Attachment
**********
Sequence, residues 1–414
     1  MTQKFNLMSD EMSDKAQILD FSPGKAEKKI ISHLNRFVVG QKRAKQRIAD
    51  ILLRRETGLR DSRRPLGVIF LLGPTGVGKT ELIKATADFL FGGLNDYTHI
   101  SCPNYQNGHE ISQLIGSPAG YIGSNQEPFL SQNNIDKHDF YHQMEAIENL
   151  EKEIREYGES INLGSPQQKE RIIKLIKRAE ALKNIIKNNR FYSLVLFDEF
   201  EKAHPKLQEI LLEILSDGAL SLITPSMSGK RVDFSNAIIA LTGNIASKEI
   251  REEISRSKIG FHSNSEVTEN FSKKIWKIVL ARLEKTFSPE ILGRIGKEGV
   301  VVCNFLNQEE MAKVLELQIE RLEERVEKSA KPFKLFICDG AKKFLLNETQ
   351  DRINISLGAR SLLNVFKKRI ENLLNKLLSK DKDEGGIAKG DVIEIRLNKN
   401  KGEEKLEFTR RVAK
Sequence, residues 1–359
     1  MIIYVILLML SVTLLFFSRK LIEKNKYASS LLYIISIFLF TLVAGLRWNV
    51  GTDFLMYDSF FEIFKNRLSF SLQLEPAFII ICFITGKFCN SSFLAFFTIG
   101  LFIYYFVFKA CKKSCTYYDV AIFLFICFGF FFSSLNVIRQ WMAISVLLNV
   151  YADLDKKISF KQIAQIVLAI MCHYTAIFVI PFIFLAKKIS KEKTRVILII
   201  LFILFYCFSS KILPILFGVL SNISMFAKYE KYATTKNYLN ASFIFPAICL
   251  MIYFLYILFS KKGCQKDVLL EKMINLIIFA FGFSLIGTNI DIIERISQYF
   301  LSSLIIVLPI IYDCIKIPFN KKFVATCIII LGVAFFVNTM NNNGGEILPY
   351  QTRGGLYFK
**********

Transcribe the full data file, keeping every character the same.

Sequence, residues 1–414
     1  MTQKFNLMSD EMSDKAQILD FSPGKAEKKI ISHLNRFVVG QKRAKQRIAD
    51  ILLRRETGLR DSRRPLGVIF LLGPTGVGKT ELIKATADFL FGGLNDYTHI
   101  SCPNYQNGHE ISQLIGSPAG YIGSNQEPFL SQNNIDKHDF YHQMEAIENL
   151  EKEIREYGES INLGSPQQKE RIIKLIKRAE ALKNIIKNNR FYSLVLFDEF
   201  EKAHPKLQEI LLEILSDGAL SLITPSMSGK RVDFSNAIIA LTGNIASKEI
   251  REEISRSKIG FHSNSEVTEN FSKKIWKIVL ARLEKTFSPE ILGRIGKEGV
   301  VVCNFLNQEE MAKVLELQIE RLEERVEKSA KPFKLFICDG AKKFLLNETQ
   351  DRINISLGAR SLLNVFKKRI ENLLNKLLSK DKDEGGIAKG DVIEIRLNKN
   401  KGEEKLEFTR RVAK
Sequence, residues 1–359
     1  MIIYVILLML SVTLLFFSRK LIEKNKYASS LLYIISIFLF TLVAGLRWNV
    51  GTDFLMYDSF FEIFKNRLSF SLQLEPAFII ICFITGKFCN SSFLAFFTIG
   101  LFIYYFVFKA CKKSCTYYDV AIFLFICFGF FFSSLNVIRQ WMAISVLLNV
   151  YADLDKKISF KQIAQIVLAI MCHYTAIFVI PFIFLAKKIS KEKTRVILII
   201  LFILFYCFSS KILPILFGVL SNISMFAKYE KYATTKNYLN ASFIFPAICL
   251  MIYFLYILFS KKGCQKDVLL EKMINLIIFA FGFSLIGTNI DIIERISQYF
   301  LSSLIIVLPI IYDCIKIPFN KKFVATCIII LGVAFFVNTM NNNGGEILPY
   351  QTRGGLYFK